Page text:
Palestinian refugees hurt in blaze at camp on Syrian-Iraqi border, says UN agency

Palestinian refugees hurt in blaze at camp on Syrian-Iraqi border, says UN agency

Palestinians at Iraqi-Syrian border (file photo)
Fire swept through a refugee camp in the no-man’s-land near the Syrian-Iraqi border last night, injuring 28 Palestinians and destroying the tents and personal possessions of seven families, the United Nations refugee agency reported today, calling this evidence of the poor living conditions in the area.

Survivors said they escaped death by only seconds as the Al Tanf camp was engulfed by the blaze on Tuesday night, which was apparently caused by a spark from an electric cable igniting a diesel can and gas cylinder. Strong winds also fanned the flames.

Three Palestinian refugees suffered severe burns and 25 others, mostly children, received minor burns and smoke inhalation, according to the UN High Commissioner for Refugees (UNHCR). It was the second fire at the camp.

One survivor told UNHCR officials that his tent became a fireball within a minute. “There was no time to take anything,” he said. “Our children were sleeping. My neighbour has serious burns because he went into the burning flames looking for his child who had already run out of the tent. Everything is lost, including our hope in life.”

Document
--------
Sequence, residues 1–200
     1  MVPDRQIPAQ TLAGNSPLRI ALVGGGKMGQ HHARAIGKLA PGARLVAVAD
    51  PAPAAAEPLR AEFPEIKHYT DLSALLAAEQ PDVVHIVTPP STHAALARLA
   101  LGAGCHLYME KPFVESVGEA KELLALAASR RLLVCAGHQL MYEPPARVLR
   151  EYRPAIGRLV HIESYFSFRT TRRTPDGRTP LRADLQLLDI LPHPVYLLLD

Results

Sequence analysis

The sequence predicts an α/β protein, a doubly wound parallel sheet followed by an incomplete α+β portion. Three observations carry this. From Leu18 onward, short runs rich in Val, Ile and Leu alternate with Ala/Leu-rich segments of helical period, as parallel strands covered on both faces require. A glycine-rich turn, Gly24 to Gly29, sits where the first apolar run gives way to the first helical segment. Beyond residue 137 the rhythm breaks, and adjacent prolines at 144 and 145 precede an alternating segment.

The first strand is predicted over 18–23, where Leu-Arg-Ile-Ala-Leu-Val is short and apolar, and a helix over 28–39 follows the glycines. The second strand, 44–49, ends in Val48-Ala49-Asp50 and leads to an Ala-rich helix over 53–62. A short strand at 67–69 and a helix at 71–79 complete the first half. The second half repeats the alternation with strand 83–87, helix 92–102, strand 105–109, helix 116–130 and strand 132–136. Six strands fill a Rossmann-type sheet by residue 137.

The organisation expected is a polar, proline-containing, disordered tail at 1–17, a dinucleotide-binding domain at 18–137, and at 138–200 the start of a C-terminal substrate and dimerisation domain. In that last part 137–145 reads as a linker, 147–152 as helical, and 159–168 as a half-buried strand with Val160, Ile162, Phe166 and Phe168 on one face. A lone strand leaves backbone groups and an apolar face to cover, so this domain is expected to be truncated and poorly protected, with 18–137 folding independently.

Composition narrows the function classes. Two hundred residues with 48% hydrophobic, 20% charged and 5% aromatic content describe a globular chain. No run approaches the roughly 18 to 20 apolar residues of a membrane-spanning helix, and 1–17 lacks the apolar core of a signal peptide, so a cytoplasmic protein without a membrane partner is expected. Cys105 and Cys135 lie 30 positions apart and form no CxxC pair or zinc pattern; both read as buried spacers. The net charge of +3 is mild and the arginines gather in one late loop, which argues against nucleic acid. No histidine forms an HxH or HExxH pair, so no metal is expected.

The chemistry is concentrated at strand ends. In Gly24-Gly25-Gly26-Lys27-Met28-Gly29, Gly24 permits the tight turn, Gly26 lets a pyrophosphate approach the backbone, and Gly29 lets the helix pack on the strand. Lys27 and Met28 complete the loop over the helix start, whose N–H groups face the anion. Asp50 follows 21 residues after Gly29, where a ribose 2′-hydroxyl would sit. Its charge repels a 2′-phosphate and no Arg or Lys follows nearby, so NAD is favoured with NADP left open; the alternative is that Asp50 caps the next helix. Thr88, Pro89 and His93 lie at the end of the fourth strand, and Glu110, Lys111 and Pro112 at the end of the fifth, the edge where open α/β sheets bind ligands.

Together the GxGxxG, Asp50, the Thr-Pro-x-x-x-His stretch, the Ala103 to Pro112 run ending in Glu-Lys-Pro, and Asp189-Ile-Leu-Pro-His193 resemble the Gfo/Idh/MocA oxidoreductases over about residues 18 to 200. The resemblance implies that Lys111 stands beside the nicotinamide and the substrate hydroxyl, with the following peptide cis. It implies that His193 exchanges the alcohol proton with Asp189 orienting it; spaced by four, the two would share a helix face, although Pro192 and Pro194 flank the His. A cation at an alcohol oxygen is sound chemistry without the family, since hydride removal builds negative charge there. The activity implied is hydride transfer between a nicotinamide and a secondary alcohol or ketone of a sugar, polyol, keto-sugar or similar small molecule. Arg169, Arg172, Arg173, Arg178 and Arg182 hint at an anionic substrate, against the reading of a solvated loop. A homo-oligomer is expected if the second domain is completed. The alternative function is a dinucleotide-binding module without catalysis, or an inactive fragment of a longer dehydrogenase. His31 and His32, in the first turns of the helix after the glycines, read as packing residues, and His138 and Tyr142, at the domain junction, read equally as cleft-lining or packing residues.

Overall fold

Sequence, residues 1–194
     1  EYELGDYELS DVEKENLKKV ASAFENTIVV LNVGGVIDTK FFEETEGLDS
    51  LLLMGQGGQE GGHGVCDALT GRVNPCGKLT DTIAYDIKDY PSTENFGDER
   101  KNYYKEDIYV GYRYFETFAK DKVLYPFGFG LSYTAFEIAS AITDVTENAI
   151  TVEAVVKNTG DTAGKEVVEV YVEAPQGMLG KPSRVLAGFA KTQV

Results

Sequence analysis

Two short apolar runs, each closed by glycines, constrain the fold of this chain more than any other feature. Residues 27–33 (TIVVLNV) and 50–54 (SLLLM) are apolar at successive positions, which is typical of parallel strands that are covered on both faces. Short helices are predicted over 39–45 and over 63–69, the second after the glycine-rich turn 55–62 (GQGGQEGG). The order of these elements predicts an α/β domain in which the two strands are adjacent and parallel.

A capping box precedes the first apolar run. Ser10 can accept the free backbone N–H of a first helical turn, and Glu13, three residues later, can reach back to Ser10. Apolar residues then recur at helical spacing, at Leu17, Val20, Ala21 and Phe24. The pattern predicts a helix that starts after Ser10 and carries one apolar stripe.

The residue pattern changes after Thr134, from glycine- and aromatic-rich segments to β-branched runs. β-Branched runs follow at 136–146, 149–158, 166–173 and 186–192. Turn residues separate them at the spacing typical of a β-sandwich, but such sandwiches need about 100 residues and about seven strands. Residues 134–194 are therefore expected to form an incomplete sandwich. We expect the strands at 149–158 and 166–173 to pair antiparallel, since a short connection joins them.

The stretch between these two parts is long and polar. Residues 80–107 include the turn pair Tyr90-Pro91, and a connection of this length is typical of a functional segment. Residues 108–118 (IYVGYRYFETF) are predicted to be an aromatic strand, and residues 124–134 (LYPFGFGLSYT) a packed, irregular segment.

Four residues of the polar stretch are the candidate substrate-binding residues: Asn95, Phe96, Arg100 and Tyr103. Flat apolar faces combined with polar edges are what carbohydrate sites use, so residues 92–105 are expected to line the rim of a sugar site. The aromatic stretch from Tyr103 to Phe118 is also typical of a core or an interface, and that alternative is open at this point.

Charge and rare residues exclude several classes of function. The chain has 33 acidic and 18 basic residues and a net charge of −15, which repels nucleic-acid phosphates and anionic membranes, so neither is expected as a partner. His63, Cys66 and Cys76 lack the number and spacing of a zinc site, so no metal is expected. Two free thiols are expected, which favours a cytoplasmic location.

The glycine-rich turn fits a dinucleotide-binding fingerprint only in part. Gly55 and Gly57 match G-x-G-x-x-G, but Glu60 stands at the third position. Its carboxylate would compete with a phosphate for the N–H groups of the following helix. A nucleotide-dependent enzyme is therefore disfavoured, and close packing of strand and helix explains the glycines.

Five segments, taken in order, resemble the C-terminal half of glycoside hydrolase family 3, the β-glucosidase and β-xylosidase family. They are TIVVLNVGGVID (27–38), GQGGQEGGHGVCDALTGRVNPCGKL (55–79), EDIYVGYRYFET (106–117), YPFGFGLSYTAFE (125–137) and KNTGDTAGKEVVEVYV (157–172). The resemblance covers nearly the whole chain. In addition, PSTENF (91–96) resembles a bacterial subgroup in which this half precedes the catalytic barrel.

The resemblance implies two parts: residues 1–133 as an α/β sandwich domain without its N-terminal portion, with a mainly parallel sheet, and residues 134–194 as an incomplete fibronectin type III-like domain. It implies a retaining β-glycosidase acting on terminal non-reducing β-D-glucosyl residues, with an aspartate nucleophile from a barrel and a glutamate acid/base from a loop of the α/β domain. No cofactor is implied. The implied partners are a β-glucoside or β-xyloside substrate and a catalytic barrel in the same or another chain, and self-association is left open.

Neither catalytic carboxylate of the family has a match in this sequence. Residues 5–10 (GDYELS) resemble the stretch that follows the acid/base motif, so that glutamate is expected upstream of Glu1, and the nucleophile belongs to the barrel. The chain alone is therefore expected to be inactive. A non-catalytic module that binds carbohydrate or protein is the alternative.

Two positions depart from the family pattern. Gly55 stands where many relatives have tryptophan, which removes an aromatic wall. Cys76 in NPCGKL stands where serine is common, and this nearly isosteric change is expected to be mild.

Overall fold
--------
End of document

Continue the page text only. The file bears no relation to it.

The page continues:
Al Tanf is host to 389 Palestinian refugees, mainly women and children, fleeing violence in Iraq. They have been stranded on the border area for the last 11 months after being denied entry to Syria or any other neighbouring country of Iraq. Conditions at the camp are extremely harsh, with a desert climate and winds frequently swirling sand and dust.

UNHCR staff have brought fresh supplies, including tents and bedding, from the Syrian capital, Damascus, to replace those lost in the fire.

Laurens Jolles, UNHCR’s Representative in Syria described the fire as an accident waiting to happen.

“It is an example of how inappropriate and dangerous this place is for humans to live in and underlines the need to move these refugees to an appropriate and safe place,” Mr. Jolles said.

More than 1,000 Palestinians are stuck at the Al Tanf and Al Waleed areas along the Syrian-Iraqi border, too afraid to return to their homes, especially in Baghdad, where they have been the target of deadly attacks. An estimated 15,000 Palestinians still live in the Iraqi capital, half the number of the community in 2003.